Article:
Before going further, it’s important that we clearly understand what repentance really means. In the Old Testament, two Hebrew words help us understand repentance. The first is the word nacham, which means to turn around or to change the mind. The second is the word sub. It is used over 600 times in the Old Testament and is translated by such words as “turn,” “return,” “seek,” “restore.” You see it very often in phrases like “to turn to the Lord with all your heart.”
When you come to the New Testament there is one word you need to know—the Greek word metanoia, which literally means “to change the mind.” Repentance fundamentally means to change your mind about something. It has to do with the way you think about something. You’ve been thinking one way, but now you think the opposite way. That’s repentance—the changing of the mind.
Let’s suppose a man wants to learn how to parachute. So he goes to a parachute school and they show him how to rig up his gear, how to pull the rip cord, and how to land safely. Finally the day comes when they take him up in an airplane. He’s scared to death but he’s afraid to back out. The moment comes when he is to jump. He goes to the door of the airplane and sees the ground 7,000 feet below. His legs grow weak, he’s about to throw up, and somebody behind him is trying to push him out of the airplane. At the last second he says, “No. I’m not going to do it.” “Go ahead, you can do it,” his instructor shouts. “I’ve changed my mind,” he replies. “I’m not going to jump.” And he doesn’t. That man has repented. He’s changed his mind in a decisive way.
That story illustrates how repentance works. Repentance is a change in the way I think that leads to change in the way I live. When you really change your mind about something, it’s going to change the way you think about it, talk about it, feel about it, and act about it. I’m suggesting that true repentance is more than just a mental game. Repentance is a decisive change in direction. It’s a change of mind that leads to a change of thinking that leads to a change of attitude that leads to a change of feeling that leads to a change of values that leads to a change in the way you live.
I can remember over 30 years ago going to a small Baptist church in northwest Alabama to hear Ed McCollum—my father in the ministry—preach in a revival meeting. I’ve never forgotten how he explained the doctrine of repentance. He went to one end of the platform and started walking. About the time he got to the other end, he turned around and started going in the other direction. “That’s what repentance is,” he declared. “You were going one way in your life and now you are going in another.” That’s why the typical Old Testament word for repentance is “turn.” Turning is always involved in repentance. It’s a change of mind that leads to a change of direction.
Someone may object—rightly—that to leave the matter there may make it seem as if repentance is an outward work I do, a kind of self-reformation where I try to clean up my life. That would indeed be opposed to the gospel of grace. But that’s not what I mean. What I am trying to show is that true repentance affects the way I live and if it doesn’t affect the way I live, it’s not true repentance. It’s not just mental arithmetic; it’s a true change in the values by which I live my life. There are dangers on both sides. I think by far our greater danger is that we will minimize repentance to the point where it doesn’t mean anything at all.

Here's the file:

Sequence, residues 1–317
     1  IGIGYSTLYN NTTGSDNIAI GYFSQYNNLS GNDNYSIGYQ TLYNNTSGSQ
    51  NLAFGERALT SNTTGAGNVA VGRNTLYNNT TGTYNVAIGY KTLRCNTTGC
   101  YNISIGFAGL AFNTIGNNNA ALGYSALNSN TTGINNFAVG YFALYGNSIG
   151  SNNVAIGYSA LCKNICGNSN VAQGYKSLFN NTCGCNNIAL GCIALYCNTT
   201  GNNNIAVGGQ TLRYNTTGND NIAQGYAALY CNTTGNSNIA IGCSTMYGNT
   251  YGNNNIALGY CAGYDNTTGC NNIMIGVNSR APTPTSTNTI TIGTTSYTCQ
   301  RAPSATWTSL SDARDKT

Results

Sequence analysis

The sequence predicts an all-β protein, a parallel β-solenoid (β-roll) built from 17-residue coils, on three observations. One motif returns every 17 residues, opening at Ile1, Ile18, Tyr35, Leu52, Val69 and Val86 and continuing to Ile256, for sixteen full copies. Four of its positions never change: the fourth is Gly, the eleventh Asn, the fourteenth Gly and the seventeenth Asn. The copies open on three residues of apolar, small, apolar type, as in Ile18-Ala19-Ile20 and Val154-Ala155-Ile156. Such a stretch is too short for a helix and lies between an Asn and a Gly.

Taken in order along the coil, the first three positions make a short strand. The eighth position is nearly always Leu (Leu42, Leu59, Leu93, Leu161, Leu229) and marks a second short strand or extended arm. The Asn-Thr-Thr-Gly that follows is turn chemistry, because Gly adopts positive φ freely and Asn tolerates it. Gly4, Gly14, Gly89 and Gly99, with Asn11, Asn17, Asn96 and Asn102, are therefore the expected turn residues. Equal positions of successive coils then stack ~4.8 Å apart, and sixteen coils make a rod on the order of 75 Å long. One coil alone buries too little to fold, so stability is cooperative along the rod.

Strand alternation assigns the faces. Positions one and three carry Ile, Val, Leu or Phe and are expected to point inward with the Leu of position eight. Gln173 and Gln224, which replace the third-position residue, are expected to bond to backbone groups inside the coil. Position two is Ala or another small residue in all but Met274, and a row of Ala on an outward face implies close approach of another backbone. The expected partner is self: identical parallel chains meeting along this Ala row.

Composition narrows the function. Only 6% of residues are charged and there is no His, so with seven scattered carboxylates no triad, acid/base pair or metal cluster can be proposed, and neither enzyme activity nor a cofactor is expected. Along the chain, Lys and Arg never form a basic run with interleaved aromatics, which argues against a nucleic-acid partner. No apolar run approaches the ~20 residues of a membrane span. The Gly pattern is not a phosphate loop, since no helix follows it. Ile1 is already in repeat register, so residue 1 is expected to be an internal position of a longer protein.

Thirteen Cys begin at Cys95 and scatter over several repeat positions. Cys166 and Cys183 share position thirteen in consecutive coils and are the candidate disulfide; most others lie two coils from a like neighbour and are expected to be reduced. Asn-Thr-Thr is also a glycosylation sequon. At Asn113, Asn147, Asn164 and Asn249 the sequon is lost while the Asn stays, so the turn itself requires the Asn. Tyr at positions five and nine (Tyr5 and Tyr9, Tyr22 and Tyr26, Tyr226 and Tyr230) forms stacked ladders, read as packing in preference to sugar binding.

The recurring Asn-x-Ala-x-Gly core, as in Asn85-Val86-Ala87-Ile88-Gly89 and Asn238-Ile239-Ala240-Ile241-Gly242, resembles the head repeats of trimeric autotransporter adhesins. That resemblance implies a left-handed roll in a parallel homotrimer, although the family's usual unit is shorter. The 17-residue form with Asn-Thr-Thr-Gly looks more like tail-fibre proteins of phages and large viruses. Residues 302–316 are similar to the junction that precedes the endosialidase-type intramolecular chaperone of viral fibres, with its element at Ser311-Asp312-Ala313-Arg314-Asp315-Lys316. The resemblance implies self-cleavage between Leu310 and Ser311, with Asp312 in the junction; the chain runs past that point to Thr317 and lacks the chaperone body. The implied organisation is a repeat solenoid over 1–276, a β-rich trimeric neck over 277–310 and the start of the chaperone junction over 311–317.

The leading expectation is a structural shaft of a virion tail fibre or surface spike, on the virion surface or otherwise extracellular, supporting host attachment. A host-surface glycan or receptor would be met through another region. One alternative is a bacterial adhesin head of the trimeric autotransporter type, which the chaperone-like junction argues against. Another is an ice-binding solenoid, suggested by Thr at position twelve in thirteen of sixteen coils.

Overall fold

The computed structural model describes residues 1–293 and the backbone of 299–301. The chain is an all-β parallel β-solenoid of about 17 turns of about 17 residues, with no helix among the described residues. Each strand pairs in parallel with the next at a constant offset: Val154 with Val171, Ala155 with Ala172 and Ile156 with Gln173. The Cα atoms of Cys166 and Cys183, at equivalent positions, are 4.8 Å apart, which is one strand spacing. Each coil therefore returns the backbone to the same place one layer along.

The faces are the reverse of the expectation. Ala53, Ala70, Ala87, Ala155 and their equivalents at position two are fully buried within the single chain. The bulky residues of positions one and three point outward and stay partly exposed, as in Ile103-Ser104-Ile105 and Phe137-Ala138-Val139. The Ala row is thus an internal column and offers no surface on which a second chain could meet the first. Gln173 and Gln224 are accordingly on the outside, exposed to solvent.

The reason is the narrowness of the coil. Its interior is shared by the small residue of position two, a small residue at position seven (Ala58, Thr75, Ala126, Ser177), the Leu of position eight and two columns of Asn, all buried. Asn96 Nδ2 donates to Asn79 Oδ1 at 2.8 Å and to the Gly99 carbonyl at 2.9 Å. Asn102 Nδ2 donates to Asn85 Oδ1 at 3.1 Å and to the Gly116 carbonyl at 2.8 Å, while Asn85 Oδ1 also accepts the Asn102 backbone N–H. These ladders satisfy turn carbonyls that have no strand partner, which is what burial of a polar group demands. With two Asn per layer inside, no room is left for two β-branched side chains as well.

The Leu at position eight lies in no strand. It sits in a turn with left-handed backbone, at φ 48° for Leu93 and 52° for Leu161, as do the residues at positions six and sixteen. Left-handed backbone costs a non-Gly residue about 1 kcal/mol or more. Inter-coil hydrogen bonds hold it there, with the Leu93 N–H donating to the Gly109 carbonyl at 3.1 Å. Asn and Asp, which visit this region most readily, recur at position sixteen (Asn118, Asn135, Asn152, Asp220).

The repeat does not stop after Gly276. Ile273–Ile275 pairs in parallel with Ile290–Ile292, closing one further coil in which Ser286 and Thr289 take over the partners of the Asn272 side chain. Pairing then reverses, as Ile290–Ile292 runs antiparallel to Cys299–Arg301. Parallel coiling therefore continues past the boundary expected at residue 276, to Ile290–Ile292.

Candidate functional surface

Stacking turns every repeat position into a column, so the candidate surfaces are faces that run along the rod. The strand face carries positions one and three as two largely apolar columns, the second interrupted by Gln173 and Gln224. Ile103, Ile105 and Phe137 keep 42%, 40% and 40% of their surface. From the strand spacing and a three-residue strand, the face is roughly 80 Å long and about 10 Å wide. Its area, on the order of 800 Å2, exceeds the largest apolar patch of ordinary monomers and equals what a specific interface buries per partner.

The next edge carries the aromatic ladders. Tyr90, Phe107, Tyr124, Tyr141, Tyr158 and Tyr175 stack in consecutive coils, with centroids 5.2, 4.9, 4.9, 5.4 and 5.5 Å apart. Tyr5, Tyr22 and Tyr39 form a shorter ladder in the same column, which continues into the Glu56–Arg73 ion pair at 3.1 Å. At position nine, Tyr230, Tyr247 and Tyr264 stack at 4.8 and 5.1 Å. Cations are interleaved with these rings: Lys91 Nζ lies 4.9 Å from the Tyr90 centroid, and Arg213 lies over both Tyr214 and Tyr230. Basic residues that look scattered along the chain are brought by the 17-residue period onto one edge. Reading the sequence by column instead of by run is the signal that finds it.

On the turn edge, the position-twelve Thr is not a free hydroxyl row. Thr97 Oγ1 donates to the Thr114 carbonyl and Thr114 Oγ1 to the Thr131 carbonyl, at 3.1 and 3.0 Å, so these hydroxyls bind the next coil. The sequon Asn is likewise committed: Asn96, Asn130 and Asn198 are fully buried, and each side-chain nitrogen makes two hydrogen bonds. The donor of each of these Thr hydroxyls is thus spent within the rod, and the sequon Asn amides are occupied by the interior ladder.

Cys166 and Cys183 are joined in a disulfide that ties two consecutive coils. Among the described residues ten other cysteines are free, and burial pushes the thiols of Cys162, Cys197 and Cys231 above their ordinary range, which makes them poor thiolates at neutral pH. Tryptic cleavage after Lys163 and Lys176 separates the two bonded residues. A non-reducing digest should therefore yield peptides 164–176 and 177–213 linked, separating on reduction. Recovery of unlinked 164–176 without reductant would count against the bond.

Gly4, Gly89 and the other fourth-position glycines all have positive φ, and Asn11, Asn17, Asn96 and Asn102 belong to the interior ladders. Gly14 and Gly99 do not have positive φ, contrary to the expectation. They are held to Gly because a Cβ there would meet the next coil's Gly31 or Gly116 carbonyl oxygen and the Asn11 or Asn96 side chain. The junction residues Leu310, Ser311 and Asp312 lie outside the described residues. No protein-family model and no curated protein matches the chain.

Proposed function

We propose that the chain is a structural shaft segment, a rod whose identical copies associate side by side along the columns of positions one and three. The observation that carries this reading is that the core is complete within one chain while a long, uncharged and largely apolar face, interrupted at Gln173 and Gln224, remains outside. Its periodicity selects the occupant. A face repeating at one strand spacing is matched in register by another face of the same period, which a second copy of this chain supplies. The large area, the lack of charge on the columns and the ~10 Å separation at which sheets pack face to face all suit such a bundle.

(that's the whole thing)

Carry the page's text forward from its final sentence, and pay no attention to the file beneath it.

Only God Can Grant Repentance
It’s also crucial to point out that repentance is a gift from God. We are all born with a sin nature that leads us constantly away from God (Ephesians 2:1-2). Left to ourselves, we will always walk in the wrong direction. No one will ever have the slightest desire to change directions—and no one will have the power to make the change—unless and until God touches that person with the power of the Holy Spirit. That’s why both Acts 11:18 and 2 Timothy 2:25 speak of God granting the gift of repentance. Without that gift, no sinner could ever turn from his sin and find the Lord Jesus Christ.
In passing, let me say that there are two things that repentance is not. First, repentance is not mere sorrow for sin. Repentance is not measured by the number of tears you shed. Judas, we are told, regretted having betrayed Christ. He was genuinely sorry but he did not repent. There is a place for weeping and agony of soul, and we would all be better off if we took our sin more seriously, but sorrow in and of itself is not repentance. Second, repentance is not merely a promise to do better. I’ve already said that repentance is not self-reformation. It’s not a spiritual New Year’s Eve resolution.
Yet repentance includes both ideas. When I truly change my mind about the way I have been living, there will be sorrow for sin because I will see my sin the way God sees it. It will grieve me the way it grieves God. And repentance implies a decision to make a break with the past and to live a life pleasing to God. So those two things aren’t wrong; they just don’t go far enough.